That follows a click from Google to a company’s website, where they hope for a conversion, and if not, get their retargeting ready.

For Amazon, you open the website, search for “sunglasses” or “Rayban sunglasses” and that’s that. It doesn’t get a lot more direct than that, a behaviour extremely similar to Google.

One Platform, One Click, One Tracking Technology

One of the biggest complaints advertisers have on digital spend, is tracking, fraud and attribution. Different estimates are thrown around, but according to Juniper Research, the advertising fraud figure in 2018 will likely hit $19 billion.

Couple that with how Facebook’s data almost never seems to correlate with what you see on Google Analytics, and marketers are always trying to justify the discrepancies, of which there are many.

Amazon’s unique advantage is that it sits at the intersection of media and commerce, where search, conversion and attribution all take place on a single platform. Some might say that’s not a good thing, but at least that leaves out any room for data discrepancy. Amazon does however, seem to have an exhaustive list of third-party ad-servers and technology providers for their advertising business.

Amazon Isn’t All Conquering, Though

Despite what many would have you believe, while Amazon is dominant in certain spaces and areas, advertising isn’t one of them, and it will probably never overtake Facebook and Google in advertising market share. One of the primary reasons for this, is geography.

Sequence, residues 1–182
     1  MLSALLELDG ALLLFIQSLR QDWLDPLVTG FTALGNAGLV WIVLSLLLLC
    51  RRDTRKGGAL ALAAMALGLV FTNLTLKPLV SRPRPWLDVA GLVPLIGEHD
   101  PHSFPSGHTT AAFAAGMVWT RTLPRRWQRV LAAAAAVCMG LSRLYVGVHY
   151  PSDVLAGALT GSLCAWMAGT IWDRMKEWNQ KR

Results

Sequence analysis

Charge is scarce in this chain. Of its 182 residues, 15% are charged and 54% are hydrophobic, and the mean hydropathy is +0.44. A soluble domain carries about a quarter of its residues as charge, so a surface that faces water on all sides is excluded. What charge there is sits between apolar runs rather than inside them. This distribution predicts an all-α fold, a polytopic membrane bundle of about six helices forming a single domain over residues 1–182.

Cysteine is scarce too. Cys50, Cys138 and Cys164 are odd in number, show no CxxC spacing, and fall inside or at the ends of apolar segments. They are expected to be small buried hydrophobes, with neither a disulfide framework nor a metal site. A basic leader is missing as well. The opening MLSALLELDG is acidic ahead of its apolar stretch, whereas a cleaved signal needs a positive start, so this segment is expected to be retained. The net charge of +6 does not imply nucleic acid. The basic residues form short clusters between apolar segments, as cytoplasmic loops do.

Amazon may ship to a number of countries, but it doesn’t have operations in all of them. As a result of this, advertisers in specific markets will focus on the local equivalents, such as Lazada in South-East Asia, Rakuten in Japan and the ever-expanding Alibaba and JD.com in China (and beyond).

In addition to that, those operating in the B2B space like enterprise software, law firms, architecture companies and so on, will always focus an element on online advertising (mostly on Google, a fair bit on LinkedIn, and a little bit on Facebook) with a bigger element on offline advertising.

In Conclusion

Amazon isn’t taking over the online advertising business today. And it likely won’t take over the online advertising business in the next 4-5 years, either.

It is however, playing an increasingly important role in the lives of consumers, and companies that operate within specific verticals and in the e-commerce space. For those companies, ignoring Amazon’s advertising potential and the potential impact it can have on their business would be short-sighted.

Amazon’s latest figures are an indicator that more companies are putting their advertising dollars at work on the platform, and based on the increasing trend, and the responses from the advertisers that have experimented with the platform, it’s cementing its place in their approach to marketing for the future.

 

avtar-profileAvtar Ram Singh is the Head of Strategy at FALCON Agency, a performance-led, business results oriented marketing agency that operates in South East Asia. He’s built marketing strategies and performance frameworks for brands on global and regional levels, across a variety of industries. You can find him on LinkedIn, and Twitter.